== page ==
Fallout - my most memorable game ever
I was one of the lucky ones who got a personal computer in the middle of the 80s and had worked my way up from ZX Spectrum - 386DX - PENTIUM I and, as a schoolboy, my main hobby was games, of course. Platformers, first strategies, arcade-we would gather with our friends at my home and play for hours, choosing something new every time.
In the beginning of 90's I started to talk to my neighbor, Roman, who was older, but also fond of computers and games, and we often and long discussed games and technologies, often went to Rostov to get new games and, of course, competed in playthroughs. I used to buy the same games and the next day to share my impressions, findings and progress in playing them, and I was especially happy about Diablo, which was released in 1996. Terrific dark world, an interesting system of character progression, and of course the game mechanics, because of which differed in passing each of the game classes. It was a joy and I can't even begin to count the number of weeks we spent playing it and talking about it. Each time there were new tactics, interesting solutions and it seemed that this fantasy world would never get boring.
In the fall of 1997, however, everything changed forever. Roman and I went to the local market - for new music and games, and on one of the counters we noticed boxes with Fallout by Interplay , which the seller described as "Diablo, but about the future in Mad Max style. The label Post-Nuclear Role Playing Game was eerily intriguing and, of course, we took a copy for ourselves. All the more Roman had already read about this game in one of the magazines and said that something very special was waiting for us.
AND HE WAS DAMN RIGHT.
The splash screen announcing that War Never Changes... Retro '50s style... After launching FALLOUT for the first time, I was blown away by how well crafted this game is. Very nice graphics for the time, an interesting system of character development, dark music, History (that's right and with a capital letter), interesting dialogues and humor, and of course an open world that literally demanded to be explored.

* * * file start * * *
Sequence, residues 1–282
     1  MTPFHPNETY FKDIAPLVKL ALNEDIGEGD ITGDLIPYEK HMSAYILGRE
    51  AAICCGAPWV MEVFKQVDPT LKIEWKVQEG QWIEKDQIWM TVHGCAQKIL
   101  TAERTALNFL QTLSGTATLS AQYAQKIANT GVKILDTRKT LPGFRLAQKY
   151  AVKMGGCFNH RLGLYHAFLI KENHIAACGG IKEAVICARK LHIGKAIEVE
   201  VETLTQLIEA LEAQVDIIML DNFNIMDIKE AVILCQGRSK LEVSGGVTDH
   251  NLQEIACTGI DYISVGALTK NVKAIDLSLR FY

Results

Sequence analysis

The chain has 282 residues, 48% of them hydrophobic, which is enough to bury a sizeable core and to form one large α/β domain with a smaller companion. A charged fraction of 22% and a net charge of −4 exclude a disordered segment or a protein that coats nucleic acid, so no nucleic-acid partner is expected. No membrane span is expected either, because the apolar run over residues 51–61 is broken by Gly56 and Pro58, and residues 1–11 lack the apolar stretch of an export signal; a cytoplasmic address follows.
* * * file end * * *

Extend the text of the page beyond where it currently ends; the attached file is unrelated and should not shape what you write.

This freedom was intoxicating and, perhaps for the first time, I encountered a game so ruthless to the mode of the day. I woke up, had a quick snack, went to study, and the rest of my time was spent in the wasteland and searching for new locations. After learning that the parameter luck, affect what places can be found on the map, started over and it became a real obsession. And the same thing happened to Roman. In the evenings we would meet briefly to brag about our achievements, and then run home and continue digging for the "secrets" of the nuclear desert.
We never had such a great gaming adventure, and, of course, it was nice that the experience of the game came in handy and the turn-based battles we had perfected back in the Laser Squad / Crusader: No Remorse / X-COM days made it a lot easier, but here's the thing. Even after finding the target - the water chip, and pumping the character up to the maximum, we didn't want to leave this world. I wanted to look for new quests, find new representatives of this crazy world, and "never stop being a stranger".
Luckily FALLOUT 2 came out very soon, and it became even bigger, without losing a single gram of its post-core charm (how happy was I when I found TARDIS from Doctor Who and the whale & petunia pot from Hitchhiker's Guide to the Galaxy ), and it took even more time, but gave me hundreds of hours of pure joy of exploring and as many hours of discussions with friends who also "went to the badlands" and were ready to stay there for almost years.
I don't think I've ever had that with any other game, and I don't think I ever will. But my memories of it are exceptionally vivid, and even in spite of the cool graphics and story, the sequels of this series in 3D have not made such a strong impression.